• Will the proposed service partner support your business strategy now and in the future?
  • Do you trust them to have the necessary expertise and bandwidth to provide maintenance, deliver support services or assume managed-services responsibilities?
  • Will they become trusted advisers that stay engaged and serve as an extension of your IT organization and business?
  • Do they provide a portfolio of offers that span the entire service continuum and have the necessary flexibility to ensure a smooth deployment of managed services?
  • What applications, diagnostics checks or analytic tools do they leverage to anticipate any problems or hidden issues?
  • Do they provide a single point of contact that can quickly swarm experts to resolve an issue in your network?
  • Do they really know you? Understand your solution?

Now that you know what types of questions to ask you can rest easy because we have all the answers.  We’re dedicated to helping you make the right decision for your individual company’s distinct needs both for today and tomorrow.

Contact 4 Corner IT and we’ll help you design and implement an infrastructure that works for you. 

Are MSP’s Really Fragmented?

are msp really fragmented
Employee On-Boarding

Managed Service Providers are fragmented. I hear that phrase quite frequently. What does it mean?

Most of the time, people say it to infer that MSPs don’t really have a clear market presence with their solutions. That might be true. Other times, it’s just to convey a sense that no single MSP or group of MSPs has a percentage of market share that would considered significant. That also would be true.

The majority of times I hear the word fragmented being used it is from an investor and they are describing what they believe to be a vulnerable marketplace to M&A activity.

As I have said before, the managed services (and now cloud computing) landscape is very different from the VAR days of yesteryear. The investors are not stupid. Their view of the MSP profession is based, in my opinion, on one fundamental misinterpretation. The misinterpretation happens to be very important and could be an explanation of why the M&A activity within managed services has not been particularly consistent over the last decade.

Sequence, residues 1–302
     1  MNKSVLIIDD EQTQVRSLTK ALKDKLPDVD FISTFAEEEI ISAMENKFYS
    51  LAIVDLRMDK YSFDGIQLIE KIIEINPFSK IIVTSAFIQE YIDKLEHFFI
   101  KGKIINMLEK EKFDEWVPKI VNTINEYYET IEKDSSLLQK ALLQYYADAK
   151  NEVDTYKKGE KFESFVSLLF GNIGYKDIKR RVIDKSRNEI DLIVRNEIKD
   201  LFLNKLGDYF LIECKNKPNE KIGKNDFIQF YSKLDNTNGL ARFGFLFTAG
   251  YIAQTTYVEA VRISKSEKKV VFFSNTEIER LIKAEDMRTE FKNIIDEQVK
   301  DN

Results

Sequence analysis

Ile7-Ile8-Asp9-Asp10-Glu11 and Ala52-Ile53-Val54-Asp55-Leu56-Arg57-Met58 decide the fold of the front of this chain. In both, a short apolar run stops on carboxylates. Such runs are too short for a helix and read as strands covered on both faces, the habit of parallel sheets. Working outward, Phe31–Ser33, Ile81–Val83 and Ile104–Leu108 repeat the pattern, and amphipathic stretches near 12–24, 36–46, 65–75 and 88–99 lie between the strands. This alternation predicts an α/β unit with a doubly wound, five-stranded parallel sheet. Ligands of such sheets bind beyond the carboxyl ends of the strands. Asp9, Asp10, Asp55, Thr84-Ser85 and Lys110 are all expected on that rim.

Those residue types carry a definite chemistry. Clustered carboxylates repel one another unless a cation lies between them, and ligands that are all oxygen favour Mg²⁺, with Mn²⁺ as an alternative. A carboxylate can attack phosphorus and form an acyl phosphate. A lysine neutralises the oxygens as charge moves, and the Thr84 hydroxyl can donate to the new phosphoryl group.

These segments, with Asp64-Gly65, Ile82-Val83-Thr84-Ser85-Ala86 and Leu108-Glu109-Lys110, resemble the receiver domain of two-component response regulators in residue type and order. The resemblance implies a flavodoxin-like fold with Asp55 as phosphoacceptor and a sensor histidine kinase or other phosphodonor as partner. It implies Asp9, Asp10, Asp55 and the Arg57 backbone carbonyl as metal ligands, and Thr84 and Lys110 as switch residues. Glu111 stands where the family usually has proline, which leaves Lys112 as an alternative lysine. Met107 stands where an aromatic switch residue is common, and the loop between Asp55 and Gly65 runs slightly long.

I have always looked at the MSPs as professional services firms. That simple distinction informs much of what I believe about MSPs today. Viewing MSPs as professional services firms, in contrast to commodity providers (product or services), will help put these companies into perspective and allow anyone to easily make sense of how they operate.

More importantly, such a perspective will also greatly help inform investors and M&A candidates on how to effectively analyze and effectuate an investment, merger, or acquisition within this profession.

As to the question about whether MSPs are fragmented or not, I will simply say this. No single MSP or small group of  MSPs dominates the marketplace today. Furthermore, I do not believe this will ever happen. The reason is simple.

Customers demand high touch and intimacy from their MSPs. The larger the MSP gets the less likely that intimacy will be delivered. Therefore, there is a natural size limit at which managed services can be effectively delivered and appreciated by the customer before it becomes a commodity. Generally, once the MSP reaches this size threshold, their customers will demand more attention and may even leave if they do not get it.

MSPs, like other professional services firms, thrive on delivering high value, profitable services  Once that primary purpose becomes subjugated to size, commoditized services, and impersonal customer service, the customer will likely seek their services elsewhere.

This simple concept is what makes even the smallest of MSPs so valuable to their customers.